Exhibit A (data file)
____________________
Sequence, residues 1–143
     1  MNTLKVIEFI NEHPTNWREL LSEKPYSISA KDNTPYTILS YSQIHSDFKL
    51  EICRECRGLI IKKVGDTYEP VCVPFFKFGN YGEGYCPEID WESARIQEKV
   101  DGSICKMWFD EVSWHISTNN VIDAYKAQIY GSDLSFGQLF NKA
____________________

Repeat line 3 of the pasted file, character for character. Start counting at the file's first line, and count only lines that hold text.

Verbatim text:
    51  EICRECRGLI IKKVGDTYEP VCVPFFKFGN YGEGYCPEID WESARIQEKV